At Graceland Cemetery, where many of Chicago’s most notable citizens are buried, these two tiny stones, one slightly tipped and more worn than the other, tell a sad story — but I don’t know what it is.
They’re found amid several generations of Marshall Fields and family. (The original Marshall Field founded the iconic Chicago store that is now a Macy’s.) I can’t say I’ve seen many, or maybe any, markers like them. Many infant markers have dates or a year and possibly a gender, if nothing else. These two, however, are “Baby.” Just “Baby.” Not even “Baby Girl” or “Baby Boy.” I have questions, many obvious. Someday I may dig for the answers.
When were they born?
When did they die?
How did they die? Were they stillborn? Miscarriages? Tiny victims of birth defects or disease?
What gender(s) were they?
How are they related? Siblings? Cousins? Possibly twins?
Who were the parents?
Did the parents visit these minimalist markers?
Finally, why did the parents or family leave such generic markers in a cemetery where vaults, obelisks, statues, and other hallmarks of fame and fortune abound?
While the Fields’ individual markers are fairly nondescript, their area is reigned over by this statue, behind a currently empty pool.
Whenever I think I’m going to run out of forest preserves to explore, there always seem to be more. Sunday I spotted Whistler Woods on the Little Calumet River, but then my eye was drawn northward to Dan Ryan Woods and a single word on the map: Aqueduct. That sounded promising. I was torn, but Dan Ryan Woods is slightly closer, and who wouldn’t want to check out an aqueduct?
At 257 acres, Dan Ryan Woods is big and is one of the few forest preserves within Chicago. We stopped at the first entrance we came to on 87th, where I used the necessary and J. took videos of noisy remote-controlled racing cars.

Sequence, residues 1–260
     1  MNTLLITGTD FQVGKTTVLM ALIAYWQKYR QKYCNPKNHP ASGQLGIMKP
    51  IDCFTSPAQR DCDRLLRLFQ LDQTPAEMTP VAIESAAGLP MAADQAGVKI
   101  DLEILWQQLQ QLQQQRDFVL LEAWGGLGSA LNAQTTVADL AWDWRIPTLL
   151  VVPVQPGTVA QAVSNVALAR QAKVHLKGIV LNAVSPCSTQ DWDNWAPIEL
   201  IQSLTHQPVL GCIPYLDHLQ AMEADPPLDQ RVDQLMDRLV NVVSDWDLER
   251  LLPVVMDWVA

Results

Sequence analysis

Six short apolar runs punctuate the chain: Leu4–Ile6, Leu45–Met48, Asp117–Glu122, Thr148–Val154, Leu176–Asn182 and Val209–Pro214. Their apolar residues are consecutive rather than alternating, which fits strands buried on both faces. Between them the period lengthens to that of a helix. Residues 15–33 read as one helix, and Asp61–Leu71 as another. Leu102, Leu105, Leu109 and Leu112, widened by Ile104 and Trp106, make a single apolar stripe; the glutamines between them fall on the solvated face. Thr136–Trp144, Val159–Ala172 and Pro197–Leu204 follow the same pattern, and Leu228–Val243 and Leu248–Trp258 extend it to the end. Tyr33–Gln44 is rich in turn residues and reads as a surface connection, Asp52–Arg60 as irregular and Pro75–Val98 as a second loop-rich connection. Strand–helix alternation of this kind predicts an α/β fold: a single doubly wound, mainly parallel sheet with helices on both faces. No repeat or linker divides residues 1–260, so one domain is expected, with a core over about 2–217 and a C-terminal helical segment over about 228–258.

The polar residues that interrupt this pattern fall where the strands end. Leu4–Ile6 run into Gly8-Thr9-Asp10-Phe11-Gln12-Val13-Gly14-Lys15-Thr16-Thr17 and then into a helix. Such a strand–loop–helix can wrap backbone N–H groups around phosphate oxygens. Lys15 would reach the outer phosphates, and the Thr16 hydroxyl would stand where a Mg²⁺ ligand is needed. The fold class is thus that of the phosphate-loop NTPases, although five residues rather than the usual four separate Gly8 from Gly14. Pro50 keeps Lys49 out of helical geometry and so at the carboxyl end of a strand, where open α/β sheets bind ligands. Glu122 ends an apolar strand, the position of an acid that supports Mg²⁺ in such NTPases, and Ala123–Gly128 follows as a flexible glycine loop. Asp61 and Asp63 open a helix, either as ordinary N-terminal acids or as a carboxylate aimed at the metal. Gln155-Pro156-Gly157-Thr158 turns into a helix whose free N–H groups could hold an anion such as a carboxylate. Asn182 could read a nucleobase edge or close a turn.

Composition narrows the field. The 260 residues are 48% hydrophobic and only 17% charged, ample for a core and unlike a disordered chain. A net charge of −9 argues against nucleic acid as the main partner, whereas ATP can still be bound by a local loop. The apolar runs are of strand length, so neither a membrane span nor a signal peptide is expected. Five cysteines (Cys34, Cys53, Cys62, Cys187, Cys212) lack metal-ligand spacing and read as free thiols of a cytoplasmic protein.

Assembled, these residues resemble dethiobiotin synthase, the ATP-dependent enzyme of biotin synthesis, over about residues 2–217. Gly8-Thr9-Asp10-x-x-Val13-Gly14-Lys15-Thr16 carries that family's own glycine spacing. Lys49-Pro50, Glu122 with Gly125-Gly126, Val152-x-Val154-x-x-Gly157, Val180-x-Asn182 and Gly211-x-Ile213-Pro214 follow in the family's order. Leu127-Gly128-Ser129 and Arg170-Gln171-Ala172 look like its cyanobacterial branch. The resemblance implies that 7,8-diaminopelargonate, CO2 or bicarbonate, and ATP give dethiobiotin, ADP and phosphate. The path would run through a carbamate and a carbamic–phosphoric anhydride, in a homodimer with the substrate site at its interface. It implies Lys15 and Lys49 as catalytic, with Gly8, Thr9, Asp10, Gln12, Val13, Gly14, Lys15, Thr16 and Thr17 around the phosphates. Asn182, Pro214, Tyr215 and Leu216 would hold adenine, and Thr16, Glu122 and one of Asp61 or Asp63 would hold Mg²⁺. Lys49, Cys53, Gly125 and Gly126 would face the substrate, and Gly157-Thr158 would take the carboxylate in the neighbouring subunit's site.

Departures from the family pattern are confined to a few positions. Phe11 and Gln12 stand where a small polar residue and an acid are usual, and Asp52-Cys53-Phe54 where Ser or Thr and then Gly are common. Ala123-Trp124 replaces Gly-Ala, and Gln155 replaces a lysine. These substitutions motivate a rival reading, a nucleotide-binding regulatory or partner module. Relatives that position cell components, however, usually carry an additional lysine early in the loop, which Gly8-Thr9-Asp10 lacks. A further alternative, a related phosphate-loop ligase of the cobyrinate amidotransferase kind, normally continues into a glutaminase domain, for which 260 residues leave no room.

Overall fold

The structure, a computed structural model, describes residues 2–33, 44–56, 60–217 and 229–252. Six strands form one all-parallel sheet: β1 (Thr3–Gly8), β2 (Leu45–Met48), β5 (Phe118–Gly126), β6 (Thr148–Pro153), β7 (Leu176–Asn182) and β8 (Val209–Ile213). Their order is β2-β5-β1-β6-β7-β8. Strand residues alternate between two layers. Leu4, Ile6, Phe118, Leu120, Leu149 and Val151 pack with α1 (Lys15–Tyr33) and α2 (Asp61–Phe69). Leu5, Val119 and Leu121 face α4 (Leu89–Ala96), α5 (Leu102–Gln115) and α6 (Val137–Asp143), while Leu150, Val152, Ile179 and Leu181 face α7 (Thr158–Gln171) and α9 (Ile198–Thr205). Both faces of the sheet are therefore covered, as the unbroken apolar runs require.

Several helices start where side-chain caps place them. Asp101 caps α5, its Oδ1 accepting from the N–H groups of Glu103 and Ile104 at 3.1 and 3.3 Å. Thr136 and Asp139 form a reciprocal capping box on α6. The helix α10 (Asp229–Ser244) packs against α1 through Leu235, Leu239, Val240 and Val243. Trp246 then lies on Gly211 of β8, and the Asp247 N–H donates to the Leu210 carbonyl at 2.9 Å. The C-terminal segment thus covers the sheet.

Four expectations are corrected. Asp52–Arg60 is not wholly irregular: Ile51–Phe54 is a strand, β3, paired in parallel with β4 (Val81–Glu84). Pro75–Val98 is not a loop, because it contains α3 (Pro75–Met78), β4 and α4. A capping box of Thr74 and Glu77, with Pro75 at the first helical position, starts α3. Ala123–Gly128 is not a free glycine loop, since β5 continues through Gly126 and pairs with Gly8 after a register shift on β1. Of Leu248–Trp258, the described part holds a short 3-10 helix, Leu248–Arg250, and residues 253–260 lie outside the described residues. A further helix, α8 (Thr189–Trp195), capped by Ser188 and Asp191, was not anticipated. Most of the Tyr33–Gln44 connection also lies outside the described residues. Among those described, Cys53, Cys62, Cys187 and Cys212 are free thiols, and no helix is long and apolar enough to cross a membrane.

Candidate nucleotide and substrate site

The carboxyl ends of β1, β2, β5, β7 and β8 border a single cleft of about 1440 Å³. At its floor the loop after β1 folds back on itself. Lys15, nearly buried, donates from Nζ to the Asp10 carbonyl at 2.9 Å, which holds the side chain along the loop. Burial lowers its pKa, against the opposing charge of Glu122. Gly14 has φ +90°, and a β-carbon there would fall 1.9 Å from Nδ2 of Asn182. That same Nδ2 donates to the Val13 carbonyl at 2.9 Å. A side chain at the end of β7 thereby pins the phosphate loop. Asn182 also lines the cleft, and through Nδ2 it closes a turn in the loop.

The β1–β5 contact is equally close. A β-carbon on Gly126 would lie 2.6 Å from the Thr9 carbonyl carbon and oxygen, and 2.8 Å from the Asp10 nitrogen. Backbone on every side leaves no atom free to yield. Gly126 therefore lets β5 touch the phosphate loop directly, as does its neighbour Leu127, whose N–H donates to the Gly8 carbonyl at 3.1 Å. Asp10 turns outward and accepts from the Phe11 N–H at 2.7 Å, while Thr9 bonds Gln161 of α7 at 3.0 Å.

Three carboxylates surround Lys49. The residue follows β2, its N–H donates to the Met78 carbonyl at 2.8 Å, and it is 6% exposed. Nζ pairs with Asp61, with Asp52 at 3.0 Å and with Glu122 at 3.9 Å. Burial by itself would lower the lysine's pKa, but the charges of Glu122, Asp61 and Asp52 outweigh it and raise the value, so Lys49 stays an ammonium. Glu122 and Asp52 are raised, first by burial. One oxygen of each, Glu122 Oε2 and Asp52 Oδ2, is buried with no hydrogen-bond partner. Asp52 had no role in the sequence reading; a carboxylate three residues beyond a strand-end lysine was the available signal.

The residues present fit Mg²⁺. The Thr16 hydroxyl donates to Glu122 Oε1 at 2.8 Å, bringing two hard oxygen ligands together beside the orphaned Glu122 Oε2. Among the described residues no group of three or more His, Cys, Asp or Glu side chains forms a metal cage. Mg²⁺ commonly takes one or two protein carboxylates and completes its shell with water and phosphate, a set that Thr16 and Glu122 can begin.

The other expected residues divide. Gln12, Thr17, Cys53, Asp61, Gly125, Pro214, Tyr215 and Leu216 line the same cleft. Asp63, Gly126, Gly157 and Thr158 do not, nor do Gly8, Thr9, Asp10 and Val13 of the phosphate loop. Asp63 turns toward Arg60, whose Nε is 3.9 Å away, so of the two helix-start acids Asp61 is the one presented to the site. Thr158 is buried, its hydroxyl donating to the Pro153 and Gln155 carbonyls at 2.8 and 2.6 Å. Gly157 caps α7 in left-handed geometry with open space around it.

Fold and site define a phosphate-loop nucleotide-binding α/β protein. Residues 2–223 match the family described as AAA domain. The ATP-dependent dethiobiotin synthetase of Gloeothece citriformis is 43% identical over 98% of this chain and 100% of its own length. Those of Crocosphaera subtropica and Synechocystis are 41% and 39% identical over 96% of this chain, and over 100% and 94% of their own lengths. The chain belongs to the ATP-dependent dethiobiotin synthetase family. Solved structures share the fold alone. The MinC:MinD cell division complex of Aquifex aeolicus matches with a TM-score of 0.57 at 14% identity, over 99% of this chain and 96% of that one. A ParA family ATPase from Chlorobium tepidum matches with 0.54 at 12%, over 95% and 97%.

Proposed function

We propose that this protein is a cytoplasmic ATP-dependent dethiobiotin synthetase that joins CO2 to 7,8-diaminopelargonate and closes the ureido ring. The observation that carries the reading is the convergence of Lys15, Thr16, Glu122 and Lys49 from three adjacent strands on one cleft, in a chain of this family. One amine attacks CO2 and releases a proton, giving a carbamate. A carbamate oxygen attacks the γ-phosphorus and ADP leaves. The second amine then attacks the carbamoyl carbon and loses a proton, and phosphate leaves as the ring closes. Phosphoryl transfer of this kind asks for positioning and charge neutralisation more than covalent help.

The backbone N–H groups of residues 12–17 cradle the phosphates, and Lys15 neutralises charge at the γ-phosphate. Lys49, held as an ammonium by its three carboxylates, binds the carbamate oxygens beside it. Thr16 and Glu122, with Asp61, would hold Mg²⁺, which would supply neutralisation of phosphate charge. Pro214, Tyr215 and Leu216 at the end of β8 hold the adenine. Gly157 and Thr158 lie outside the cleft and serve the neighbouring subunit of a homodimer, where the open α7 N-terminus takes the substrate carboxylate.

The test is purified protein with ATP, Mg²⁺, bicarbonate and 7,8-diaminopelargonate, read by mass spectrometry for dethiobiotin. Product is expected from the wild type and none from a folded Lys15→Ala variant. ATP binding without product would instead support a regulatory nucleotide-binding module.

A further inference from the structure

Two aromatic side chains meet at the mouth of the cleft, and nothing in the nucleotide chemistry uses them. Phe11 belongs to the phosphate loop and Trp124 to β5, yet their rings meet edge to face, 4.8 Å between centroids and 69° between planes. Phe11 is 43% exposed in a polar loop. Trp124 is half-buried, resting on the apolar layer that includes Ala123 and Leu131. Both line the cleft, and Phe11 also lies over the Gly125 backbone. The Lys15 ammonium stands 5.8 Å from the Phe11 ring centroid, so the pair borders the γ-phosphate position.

At the next entrance, we found a visitor center (closed), a sledding hill, fitness steps based on the same principle as those at Swallow Cliff Woods, a fancy playground (relatively new, I found out later), and a monument “dedicated by Gold Star mothers in loving memory of our sons who gave their lives in the world war (1914–1918),” which had been been relocated to Dan Ryan Woods.
Dan Ryan Woods is also known for its view overlooking downtown Chicago. According to graphics by the visitor center, Dan Ryan Woods is the tip of an island once in ancient Lake Chicago, 14,000 years ago. This area is one part of Chicago that isn’t relatively flat.
We took the pedestrian underpass beneath 87th Street, where a sidewalk leads to a trail into the woods and to the limestone aqueducts that wind through them. According to the Forest Preserves of Cook County:
The limestone aqueducts at Dan Ryan Woods were constructed by the CCC to prevent water from washing away soil on the steep ridges. . . The CCC built limestone stairways in the 1930s for visitors to more easily access the ridges surrounding the aqueducts — and to admire the land below.
Time, and substantial restoration work, have turned a trip up these stairs into an awe inspiring climb through a mature woodland. Oak and hickory trees arch high overhead, while redbud and ironwood trees stand tall under the canopy. Native grasses and wildflowers carpet the woodland floor.
It’s an amazing walk, even in September, and I recommend climbing the stairs and looking down. The aqueducts were bone dry, and a few joggers ran in them. I was content to walk along them and enjoy the feeling of being deep in the woods, lost in time and space — and Chicago.